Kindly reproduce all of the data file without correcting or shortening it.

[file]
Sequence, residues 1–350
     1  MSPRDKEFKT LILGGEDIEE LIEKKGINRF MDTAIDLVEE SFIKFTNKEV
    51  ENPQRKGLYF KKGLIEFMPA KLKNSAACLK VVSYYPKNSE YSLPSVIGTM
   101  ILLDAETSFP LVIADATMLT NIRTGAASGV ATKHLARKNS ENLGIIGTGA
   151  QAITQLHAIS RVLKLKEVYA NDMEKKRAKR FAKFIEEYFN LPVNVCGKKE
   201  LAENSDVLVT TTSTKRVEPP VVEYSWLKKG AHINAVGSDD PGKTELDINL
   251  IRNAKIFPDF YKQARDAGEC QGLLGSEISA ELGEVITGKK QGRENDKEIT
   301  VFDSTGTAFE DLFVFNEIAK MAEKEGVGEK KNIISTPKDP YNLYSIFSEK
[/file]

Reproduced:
Sequence, residues 1–350
     1  MSPRDKEFKT LILGGEDIEE LIEKKGINRF MDTAIDLVEE SFIKFTNKEV
    51  ENPQRKGLYF KKGLIEFMPA KLKNSAACLK VVSYYPKNSE YSLPSVIGTM
   101  ILLDAETSFP LVIADATMLT NIRTGAASGV ATKHLARKNS ENLGIIGTGA
   151  QAITQLHAIS RVLKLKEVYA NDMEKKRAKR FAKFIEEYFN LPVNVCGKKE
   201  LAENSDVLVT TTSTKRVEPP VVEYSWLKKG AHINAVGSDD PGKTELDINL
   251  IRNAKIFPDF YKQARDAGEC QGLLGSEISA ELGEVITGKK QGRENDKEIT
   301  VFDSTGTAFE DLFVFNEIAK MAEKEGVGEK KNIISTPKDP YNLYSIFSEK